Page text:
Aims: To conduct a second Diabetes Attitudes, Wishes and Needs (DAWN2™) study, examining the experiences of family members caring for adults with diabetes in order to identify correlates of family member psychological outcomes (generic psychological well-being, perceived quality of life, and diabetes-related burden, impact and distress). Methods: A total of 2057 family members living with a person with diabetes and involved in their care participated in an online, telephone or in-person survey. Samples of 120 respondents were recruited in each of 17 countries. Significant (P < 0.05) correlates of psychological outcomes were identified by multi-level multiple regression. Results: Outcomes were worse for family members not working because of diabetes or those who had other competing obligations. Outcomes were worse if the person with diabetes was not a partner or parent, used injected diabetes medication, or had more frequent hypoglycaemia. Outcomes were worse for family members who believed that diabetes was more severe, were more involved in diabetes care, had more conflict over diabetes care or were frustrated about not knowing how to help the person with diabetes. Outcomes were better for those who had greater support from others and felt they found good ways to help the person with diabetes. There were significant differences in outcomes among countries before and after adjustment for individual characteristics, and correlates of outcomes varied by country. Conclusions: Several modifiable risk and protective factors for family member psychological outcomes were identified in this study. Diabetes education and social support were associated with improved outcomes, especially if they were helpful in supporting people with diabetes.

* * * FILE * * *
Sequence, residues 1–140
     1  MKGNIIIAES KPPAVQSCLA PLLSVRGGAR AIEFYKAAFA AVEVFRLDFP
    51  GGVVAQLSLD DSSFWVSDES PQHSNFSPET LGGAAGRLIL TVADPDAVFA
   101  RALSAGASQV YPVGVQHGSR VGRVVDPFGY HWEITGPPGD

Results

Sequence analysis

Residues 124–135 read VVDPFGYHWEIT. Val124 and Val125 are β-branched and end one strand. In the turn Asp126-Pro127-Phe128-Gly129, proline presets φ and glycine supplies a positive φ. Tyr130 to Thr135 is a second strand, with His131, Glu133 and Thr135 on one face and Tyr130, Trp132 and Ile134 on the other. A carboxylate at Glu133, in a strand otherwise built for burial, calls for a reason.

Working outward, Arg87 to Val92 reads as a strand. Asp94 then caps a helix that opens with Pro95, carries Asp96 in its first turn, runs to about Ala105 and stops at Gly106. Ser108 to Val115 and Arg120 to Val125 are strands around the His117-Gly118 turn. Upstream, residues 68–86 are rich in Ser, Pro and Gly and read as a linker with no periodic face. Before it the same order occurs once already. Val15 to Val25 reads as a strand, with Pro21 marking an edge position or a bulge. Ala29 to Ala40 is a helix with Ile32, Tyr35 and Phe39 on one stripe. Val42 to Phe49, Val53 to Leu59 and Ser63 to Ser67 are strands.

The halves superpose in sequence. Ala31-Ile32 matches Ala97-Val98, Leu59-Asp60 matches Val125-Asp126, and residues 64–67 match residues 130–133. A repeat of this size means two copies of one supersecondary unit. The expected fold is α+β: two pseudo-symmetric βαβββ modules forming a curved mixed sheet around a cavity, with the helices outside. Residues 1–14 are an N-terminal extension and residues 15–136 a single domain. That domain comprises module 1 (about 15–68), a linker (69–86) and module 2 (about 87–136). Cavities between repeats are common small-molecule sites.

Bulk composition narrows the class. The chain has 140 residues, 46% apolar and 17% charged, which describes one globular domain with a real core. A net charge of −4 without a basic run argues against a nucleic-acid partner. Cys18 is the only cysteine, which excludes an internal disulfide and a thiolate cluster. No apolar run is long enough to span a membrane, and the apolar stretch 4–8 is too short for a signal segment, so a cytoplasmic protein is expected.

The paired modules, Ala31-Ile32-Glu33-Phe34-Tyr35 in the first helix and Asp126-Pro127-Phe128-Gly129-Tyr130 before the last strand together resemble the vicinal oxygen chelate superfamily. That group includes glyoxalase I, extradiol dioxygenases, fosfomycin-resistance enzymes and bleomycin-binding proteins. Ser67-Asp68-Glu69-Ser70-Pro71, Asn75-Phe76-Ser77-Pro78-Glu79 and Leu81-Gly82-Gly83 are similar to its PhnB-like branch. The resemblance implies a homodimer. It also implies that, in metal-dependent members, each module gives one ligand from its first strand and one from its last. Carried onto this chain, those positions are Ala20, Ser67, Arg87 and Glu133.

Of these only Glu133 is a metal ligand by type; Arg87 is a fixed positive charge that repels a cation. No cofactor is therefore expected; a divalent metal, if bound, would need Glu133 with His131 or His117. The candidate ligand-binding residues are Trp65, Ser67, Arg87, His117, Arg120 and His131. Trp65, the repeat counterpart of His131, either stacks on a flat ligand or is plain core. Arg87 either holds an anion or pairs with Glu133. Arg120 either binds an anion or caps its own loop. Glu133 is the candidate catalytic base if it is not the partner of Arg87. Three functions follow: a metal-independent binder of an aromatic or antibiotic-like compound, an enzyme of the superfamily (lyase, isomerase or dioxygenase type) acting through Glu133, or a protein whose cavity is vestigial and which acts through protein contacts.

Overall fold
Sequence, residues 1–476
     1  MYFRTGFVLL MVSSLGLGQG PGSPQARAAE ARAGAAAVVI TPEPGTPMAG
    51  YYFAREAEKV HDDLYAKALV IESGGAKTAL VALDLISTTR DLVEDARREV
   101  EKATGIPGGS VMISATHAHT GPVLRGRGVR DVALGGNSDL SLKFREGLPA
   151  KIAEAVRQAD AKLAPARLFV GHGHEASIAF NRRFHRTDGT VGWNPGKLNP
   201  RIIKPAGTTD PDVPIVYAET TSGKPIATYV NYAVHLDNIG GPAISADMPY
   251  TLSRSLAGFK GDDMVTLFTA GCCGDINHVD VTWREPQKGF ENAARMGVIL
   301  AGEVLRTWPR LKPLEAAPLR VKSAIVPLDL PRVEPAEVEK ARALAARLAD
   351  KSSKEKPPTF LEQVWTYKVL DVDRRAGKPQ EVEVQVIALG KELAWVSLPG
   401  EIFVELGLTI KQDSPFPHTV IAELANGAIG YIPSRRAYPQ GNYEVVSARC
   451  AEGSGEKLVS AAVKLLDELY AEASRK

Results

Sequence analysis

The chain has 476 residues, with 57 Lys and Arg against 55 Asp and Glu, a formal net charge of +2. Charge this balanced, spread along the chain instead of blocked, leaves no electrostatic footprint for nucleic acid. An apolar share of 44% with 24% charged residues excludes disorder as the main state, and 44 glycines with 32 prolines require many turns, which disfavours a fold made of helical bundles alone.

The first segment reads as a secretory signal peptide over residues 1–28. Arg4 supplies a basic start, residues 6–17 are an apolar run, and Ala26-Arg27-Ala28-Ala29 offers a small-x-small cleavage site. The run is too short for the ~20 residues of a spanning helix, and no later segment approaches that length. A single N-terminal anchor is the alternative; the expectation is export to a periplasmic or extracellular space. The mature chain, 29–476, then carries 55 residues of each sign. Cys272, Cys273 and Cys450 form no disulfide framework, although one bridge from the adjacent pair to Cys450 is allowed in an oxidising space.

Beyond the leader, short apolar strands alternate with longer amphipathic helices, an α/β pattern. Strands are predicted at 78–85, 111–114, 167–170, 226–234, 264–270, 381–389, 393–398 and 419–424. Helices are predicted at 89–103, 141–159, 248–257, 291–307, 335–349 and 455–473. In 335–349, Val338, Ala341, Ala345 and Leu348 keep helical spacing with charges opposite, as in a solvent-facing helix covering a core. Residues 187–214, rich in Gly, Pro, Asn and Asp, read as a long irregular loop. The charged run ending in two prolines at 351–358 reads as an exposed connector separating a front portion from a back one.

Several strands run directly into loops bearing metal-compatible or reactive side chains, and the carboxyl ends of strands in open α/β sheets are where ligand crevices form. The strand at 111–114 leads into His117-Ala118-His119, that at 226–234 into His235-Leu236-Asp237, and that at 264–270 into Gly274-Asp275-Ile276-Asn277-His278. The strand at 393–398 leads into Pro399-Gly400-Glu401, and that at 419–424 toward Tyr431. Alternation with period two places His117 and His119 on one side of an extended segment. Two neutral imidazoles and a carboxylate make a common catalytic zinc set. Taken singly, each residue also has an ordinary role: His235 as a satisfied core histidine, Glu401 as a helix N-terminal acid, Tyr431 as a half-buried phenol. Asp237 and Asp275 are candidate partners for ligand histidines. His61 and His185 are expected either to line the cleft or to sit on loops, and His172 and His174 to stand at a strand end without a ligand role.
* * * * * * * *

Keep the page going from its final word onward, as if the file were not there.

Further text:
ASJC Scopus subject areas
- Internal Medicine
- Endocrinology, Diabetes and Metabolism